Originally Posted by AquatiCat
Thanks for the info about the Mas epoxy
, StillRaining. Knowing what sorts of products give good results is a big plus! I have to seal a countertop.
We are local to you but our new-to-us boat (a 1982 Prout) is not, incidentally. The boat is where we move once we PCS to FL.
Would the same sort of thing (as the Mas epoxy) work on vertical surfaces, though? Can't pour it on for sure, so how to get rid of the bubbles... I have to basically strip and redo the interior teak
bulkheads, doors and some other woodwork on the boat, in many if not all locations. Some surfaces have been painted (in various colors) and some have been treated badly (big water
rings from drinks at parties and God knows what else - not from the previous owner, from a woman who stayed on his boat as a "caretaker" before she was kicked off for not being a good caretaker), and other bulkheads simply seem to have been re-coated badly (cloudy?!) or covered with decals.
Since I will have to do the work in situ and with just a few power tools, I would really appreciate your advice: is chemical stripper best (as I suspect)? What kind of sander is best for smoothing things out after the stripping? I have the little triangular-headed one for getting into corners (heck, I even have a Dremel), but what about the larger flat expanses? Your deft touch in the videos is inspirational, but a belt sander would scare the heck out of me, here; I need something forgiving.
Thanks so much for the thread and the videos! Very lovely, and useful to see your techniques on the finishing.
Thanks for the kind words AquatiCat....they are greatly appreciated.
I am really no Guru of wood finishing but I would not use epoxy in your situation...the only reason I used it at all is I knew the choice of wood I chose needed encapsulated in it to prevent any water damage and to stabilize it.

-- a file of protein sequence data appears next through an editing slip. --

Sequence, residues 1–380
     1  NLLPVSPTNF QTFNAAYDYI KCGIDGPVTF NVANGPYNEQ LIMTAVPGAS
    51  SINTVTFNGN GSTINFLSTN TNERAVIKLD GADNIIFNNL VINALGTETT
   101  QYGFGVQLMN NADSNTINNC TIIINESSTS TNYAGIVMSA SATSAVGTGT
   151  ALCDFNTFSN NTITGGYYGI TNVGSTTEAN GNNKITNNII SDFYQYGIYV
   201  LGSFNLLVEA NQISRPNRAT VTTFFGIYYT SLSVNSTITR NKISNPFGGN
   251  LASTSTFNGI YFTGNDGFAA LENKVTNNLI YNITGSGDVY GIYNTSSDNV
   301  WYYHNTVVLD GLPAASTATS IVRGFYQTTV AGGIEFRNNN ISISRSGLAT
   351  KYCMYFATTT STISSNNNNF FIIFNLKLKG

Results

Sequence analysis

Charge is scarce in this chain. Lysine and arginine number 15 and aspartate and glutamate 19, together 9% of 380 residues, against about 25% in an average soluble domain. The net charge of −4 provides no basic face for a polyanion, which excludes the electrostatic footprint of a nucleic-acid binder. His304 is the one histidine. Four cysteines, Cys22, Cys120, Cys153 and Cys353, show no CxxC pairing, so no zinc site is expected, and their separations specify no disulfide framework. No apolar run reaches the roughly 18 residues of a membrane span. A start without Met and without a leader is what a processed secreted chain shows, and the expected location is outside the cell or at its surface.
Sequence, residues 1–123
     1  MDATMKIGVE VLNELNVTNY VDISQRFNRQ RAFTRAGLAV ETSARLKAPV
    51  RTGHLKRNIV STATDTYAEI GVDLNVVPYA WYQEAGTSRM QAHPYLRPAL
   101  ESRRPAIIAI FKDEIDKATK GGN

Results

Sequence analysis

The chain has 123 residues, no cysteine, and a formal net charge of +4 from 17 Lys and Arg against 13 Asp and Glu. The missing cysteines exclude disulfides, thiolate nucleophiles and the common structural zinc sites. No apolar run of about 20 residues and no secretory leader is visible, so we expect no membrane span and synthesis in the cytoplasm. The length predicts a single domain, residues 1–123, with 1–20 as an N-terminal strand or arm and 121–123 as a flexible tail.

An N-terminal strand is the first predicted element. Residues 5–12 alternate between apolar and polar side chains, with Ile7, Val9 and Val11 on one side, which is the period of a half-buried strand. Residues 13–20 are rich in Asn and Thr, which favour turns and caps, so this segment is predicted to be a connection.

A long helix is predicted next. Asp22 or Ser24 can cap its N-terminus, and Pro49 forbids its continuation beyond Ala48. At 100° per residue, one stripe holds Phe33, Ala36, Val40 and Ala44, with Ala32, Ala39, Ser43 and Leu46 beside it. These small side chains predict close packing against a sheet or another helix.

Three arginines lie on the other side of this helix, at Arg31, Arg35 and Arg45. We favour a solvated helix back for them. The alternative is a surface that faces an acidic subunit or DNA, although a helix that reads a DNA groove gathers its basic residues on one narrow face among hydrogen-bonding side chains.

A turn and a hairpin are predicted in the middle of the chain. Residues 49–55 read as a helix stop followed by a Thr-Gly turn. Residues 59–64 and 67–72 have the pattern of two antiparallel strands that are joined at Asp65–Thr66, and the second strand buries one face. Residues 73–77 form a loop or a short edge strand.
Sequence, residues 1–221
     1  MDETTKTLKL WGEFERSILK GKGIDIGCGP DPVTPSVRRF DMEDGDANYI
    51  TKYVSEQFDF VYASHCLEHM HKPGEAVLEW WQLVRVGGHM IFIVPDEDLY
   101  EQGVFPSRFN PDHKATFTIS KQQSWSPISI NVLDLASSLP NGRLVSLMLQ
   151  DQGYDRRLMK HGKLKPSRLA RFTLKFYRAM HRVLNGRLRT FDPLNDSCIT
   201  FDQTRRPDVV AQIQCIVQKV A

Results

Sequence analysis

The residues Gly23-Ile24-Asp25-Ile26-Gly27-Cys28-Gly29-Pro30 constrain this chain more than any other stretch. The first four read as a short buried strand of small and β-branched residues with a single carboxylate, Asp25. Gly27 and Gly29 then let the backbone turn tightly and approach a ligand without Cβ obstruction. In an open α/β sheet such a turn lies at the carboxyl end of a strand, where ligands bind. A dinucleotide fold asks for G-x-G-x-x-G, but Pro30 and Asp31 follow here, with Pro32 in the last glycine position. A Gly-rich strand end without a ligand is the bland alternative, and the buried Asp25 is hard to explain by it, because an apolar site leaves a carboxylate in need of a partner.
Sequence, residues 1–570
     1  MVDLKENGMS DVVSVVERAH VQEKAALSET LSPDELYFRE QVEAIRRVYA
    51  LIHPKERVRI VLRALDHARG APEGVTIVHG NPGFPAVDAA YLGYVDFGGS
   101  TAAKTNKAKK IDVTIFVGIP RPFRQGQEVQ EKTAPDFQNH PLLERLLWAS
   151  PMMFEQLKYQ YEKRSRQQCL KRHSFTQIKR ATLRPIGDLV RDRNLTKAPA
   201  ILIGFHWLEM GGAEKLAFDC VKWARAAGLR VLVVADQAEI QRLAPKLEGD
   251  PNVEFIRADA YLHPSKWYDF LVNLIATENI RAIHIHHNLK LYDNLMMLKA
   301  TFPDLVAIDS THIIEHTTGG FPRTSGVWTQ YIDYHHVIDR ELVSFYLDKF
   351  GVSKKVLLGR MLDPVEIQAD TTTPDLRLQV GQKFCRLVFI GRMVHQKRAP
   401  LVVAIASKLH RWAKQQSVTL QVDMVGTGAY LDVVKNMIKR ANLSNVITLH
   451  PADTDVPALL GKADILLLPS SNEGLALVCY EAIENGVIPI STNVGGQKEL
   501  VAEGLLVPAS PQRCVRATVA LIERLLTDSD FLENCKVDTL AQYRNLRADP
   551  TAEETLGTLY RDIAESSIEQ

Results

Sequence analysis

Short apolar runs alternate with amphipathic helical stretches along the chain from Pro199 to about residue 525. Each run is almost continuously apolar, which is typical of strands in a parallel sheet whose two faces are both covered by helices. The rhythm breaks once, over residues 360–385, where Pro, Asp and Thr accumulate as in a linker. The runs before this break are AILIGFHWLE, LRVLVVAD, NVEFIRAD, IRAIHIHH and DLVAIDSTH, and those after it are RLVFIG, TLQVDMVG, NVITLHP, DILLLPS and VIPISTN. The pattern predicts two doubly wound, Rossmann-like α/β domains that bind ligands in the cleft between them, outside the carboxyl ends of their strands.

It may be an OK choice for your counter tops but personally I would use a spar varnish
...Epoxy seems to have some gripe to it...meaning it never seems to get slick to the touch...I don't think that would be a good characteristic for a counter top and certainly not a bulk head
I personally like a mate finish for the interior of a boat not a high gloss....so believe it or not, I took 000 steel
wool to the cured Galley sole finish to dull its brilliance before I installed it..
I do and would use something Like Interlux
Gold Spar satin for your interior...and as far as sanding
you are correct a belt sander has no place on thin veneers such as mahogany or teak ply wood.
There are many chemical strippers to choose from and heavily painted areas may benefit from them but I would first attempt a heat gun and scraping and then hand sanding
using an orbital or in-line auto body sander before trying a striper and your triangle head
is ideal for tight areas as you all ready know.....Strippers are great for some things but a real pain in the butt for others, give a small area a try with one and see how it works out...it may be the easier way.
I have use Citrus-Strip with OK results...it is very nice smelling and easy on the lungs/brain for indoors or tight confined areas like a boat but it is really a gooey mess to deal with as all strippers are ...it is not very soluble with anything I have found yet either so it is all about tons of paper towels and scraping.
Hope this helps